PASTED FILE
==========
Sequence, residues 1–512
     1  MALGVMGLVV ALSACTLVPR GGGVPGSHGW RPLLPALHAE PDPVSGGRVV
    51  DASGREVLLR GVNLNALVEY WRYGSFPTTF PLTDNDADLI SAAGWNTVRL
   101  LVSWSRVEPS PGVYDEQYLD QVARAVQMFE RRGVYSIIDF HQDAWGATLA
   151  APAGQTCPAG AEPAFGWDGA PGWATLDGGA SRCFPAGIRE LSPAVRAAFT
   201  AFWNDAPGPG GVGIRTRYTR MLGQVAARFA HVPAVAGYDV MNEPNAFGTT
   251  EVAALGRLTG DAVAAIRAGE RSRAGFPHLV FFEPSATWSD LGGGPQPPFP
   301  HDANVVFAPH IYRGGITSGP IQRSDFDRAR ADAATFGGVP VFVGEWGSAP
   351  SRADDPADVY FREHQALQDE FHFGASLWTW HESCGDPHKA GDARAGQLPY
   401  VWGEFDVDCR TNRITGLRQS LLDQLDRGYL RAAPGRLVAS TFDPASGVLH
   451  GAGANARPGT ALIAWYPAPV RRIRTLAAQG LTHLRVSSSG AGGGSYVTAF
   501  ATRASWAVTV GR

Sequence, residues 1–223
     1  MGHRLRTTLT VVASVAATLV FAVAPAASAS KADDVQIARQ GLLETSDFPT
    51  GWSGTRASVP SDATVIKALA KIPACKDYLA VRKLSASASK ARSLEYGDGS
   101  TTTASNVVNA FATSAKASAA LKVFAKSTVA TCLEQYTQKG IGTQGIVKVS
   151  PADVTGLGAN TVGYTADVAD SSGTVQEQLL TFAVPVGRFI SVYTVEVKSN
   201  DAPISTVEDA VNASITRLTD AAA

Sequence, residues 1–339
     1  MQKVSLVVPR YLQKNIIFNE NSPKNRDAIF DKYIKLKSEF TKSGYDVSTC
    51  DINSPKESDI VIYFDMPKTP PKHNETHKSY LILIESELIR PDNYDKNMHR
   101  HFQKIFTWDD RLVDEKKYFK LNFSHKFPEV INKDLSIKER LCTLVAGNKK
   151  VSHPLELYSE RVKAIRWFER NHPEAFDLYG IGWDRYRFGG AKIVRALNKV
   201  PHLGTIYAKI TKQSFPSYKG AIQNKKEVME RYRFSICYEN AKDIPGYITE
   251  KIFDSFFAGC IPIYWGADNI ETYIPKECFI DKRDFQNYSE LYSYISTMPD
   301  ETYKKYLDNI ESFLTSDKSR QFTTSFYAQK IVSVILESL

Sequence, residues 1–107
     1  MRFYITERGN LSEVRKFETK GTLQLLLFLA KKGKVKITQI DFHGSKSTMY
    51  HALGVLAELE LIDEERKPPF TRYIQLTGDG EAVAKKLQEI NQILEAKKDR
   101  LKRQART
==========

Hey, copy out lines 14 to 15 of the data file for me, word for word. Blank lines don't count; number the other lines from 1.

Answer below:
     1  MGHRLRTTLT VVASVAATLV FAVAPAASAS KADDVQIARQ GLLETSDFPT
    51  GWSGTRASVP SDATVIKALA KIPACKDYLA VRKLSASASK ARSLEYGDGS